 Self-awareness, balanced processing, internalized
moral perspective, and relational transparency all
play an important role in authentic leadership.
 Authentic leadership has a strong moral
component.
 Critical incidents called trigger events play an
important role in the development of moral
component of authentic leadership.
Organizational Ethics: A Practical Approach, 2e by Craig E. Johnson © 2012 SAGE Publications Inc.
22
Postindustrial and Relational Leadership
 Postindustrial leadership highlights the
partnership between leaders and followers.
 Ethics in postindustrial leadership is process
focused.
 Relational leadership is described by how
people with very different but equally valid
worldviews (beliefs, attitudes, values) must
accomplish leadership tasks together in the
postmodern world.
Organizational Ethics: A Practical Approach, 2e by Craig E. Johnson © 2012 SAGE Publications Inc.
Chapter 8
Leadership
Ethics
” !,
Short Answer
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What does it mean fbr organizational leaders to act as moral managers?
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Explain what trigger evbnts are and how they promote auihentic leader development.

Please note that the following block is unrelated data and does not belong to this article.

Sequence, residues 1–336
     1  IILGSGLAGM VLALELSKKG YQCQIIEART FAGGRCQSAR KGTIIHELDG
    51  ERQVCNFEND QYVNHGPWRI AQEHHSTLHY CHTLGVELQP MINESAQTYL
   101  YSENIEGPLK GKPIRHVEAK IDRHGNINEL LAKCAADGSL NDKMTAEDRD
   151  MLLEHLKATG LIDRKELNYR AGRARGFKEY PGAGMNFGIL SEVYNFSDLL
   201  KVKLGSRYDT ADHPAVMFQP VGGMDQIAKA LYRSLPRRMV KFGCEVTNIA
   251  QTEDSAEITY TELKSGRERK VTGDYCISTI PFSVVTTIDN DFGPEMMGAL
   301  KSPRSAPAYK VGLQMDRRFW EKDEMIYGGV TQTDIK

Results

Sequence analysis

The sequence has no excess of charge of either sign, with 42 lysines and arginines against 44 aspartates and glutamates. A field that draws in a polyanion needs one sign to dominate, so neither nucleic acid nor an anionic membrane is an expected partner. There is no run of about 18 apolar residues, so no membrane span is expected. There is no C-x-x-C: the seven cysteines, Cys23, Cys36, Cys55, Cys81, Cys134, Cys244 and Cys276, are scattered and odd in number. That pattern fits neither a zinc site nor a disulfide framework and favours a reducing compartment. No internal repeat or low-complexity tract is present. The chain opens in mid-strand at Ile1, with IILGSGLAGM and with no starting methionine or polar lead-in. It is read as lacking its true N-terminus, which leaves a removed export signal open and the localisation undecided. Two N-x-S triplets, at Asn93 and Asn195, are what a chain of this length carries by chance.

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: 3. Identify the factors that make up transformational leadership.
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Outline the differences between authentic transfbrmational and pseudo-transformational
leaders.
5.
Name five warning signs that can be used to identify
becoming a toxic leader.
6.
Identify the four key components of authentic leadership.
7.
Name and briet’ly explain the types of bad leadership.
8. Name and explain the types of constructive
if you might
be in danger
of
and destructive organizational leadership
behaviors.
EssaY
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What is the greatest moral challenge facing leaders? Defend your choice.
10.
Why must good leaders be both ethical and effective?
11.
What can be done to curb the selfish tendencies of leaders?,
12.
Evaluate the behavior of an unethical leader using one of the categories of shadow
13.
Must all ethical leaders be authentic? Defend your position.

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As a leader, how can you ethically balance the need to treat each follower
differently whi le acting consistently?
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Can transformational leaders also be unethical? Why or why not?
Determine if a leader is transformational
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leadership.
and
transformational
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using the dimensions of transactional
Compare and contrast transformational leadership and servant leadership theories.